The complaint brought against Daventry's MP after claims he had used Parliament stationery for personal or political gain has been dropped.
Daventry’s MP Chris Heaton-Harris faced criticism last autumn after he wrote to universities on House of Commons-headed paper seeking information about the teaching of Brexit and the names of the professors involved.
A complaint was brought against Mr Heaton-Harris by Michael Foster because the MPs' code of conduct states that any use of public resources should "not confer any undue personal or financial benefit on themselves or anyone else, or confer undue advantage on a political organisation".
However, after an investigation and numerous exchanges between Mr Heaton-Harris and the Parliamentary Commissioner for Standards, Kathryn Stone OBE, the allegation was not upheld.
“The allegation investigated was that the member had misused House-provided stationery by writing to 120 universities seeking information about the teaching of European affairs (in particular about Brexit) and the names of the academics involved,” said the commissioner in her written summary.
“In the course of the inquiry, the member explained that the purpose of his request for information was to improve his own understanding of the issue, and that he might also publish some of the responses on his website so that his constituents might also read them.
“The member gave an assurance that the publication of any such material would be free of charge.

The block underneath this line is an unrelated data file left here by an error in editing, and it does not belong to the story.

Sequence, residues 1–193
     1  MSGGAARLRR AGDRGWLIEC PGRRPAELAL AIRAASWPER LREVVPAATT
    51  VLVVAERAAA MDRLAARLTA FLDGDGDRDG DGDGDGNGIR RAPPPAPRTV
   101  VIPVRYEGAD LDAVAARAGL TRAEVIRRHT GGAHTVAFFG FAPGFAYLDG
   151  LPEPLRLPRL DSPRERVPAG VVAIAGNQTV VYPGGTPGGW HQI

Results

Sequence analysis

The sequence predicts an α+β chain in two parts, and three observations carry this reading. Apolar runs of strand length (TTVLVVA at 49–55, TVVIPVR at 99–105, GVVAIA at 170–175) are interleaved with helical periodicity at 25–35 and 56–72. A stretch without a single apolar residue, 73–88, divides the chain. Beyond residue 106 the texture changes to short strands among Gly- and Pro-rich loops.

“He also gave an assurance that he would not share information obtained through this request with his political party.
“In light of those assurances, the allegation of a breach of the rules and of paragraph 15 of the code of conduct was not substantiated.”
During one of the exchanges between the commissioner and the MP, Mr Heaton-Harris wrote: "The letter was essentially a 'freedom of information' request to universities (and has been treated as an FOI request by many of them) asking for information to help me continue my ongoing parliamentary research into European issues.
"To give some context, before being elected to the House, I was a Member of the European Parliament for ten years and I immediately went onto the European Scrutiny Committee in this place and served on that until the General Election in 2015; so throughout my political career I have been continually researching European issues.
"Indeed, as a founding member of the Fresh Start group of MPs in 2011, the research I was involved in formed ideas around what a renegotiation within the EU could possibly look like.
"I regularly publish the results of my work when it is concluded, usually with the input of other colleagues, on my website."